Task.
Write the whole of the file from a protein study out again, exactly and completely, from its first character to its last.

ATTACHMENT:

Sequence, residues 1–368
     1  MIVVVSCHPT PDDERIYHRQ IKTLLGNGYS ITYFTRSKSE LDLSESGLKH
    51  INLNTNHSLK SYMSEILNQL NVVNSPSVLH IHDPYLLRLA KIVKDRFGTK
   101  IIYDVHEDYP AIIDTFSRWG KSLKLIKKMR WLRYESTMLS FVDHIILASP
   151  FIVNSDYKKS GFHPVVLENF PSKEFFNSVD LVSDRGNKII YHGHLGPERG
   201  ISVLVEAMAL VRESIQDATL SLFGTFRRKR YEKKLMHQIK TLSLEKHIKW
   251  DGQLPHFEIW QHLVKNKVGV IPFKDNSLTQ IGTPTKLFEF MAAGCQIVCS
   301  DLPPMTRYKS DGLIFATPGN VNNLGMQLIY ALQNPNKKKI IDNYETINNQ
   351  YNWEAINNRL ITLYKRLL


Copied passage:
Sequence, residues 1–368
     1  MIVVVSCHPT PDDERIYHRQ IKTLLGNGYS ITYFTRSKSE LDLSESGLKH
    51  INLNTNHSLK SYMSEILNQL NVVNSPSVLH IHDPYLLRLA KIVKDRFGTK
   101  IIYDVHEDYP AIIDTFSRWG KSLKLIKKMR WLRYESTMLS FVDHIILASP
   151  FIVNSDYKKS GFHPVVLENF PSKEFFNSVD LVSDRGNKII YHGHLGPERG
   201  ISVLVEAMAL VRESIQDATL SLFGTFRRKR YEKKLMHQIK TLSLEKHIKW
   251  DGQLPHFEIW QHLVKNKVGV IPFKDNSLTQ IGTPTKLFEF MAAGCQIVCS
   301  DLPPMTRYKS DGLIFATPGN VNNLGMQLIY ALQNPNKKKI IDNYETINNQ
   351  YNWEAINNRL ITLYKRLL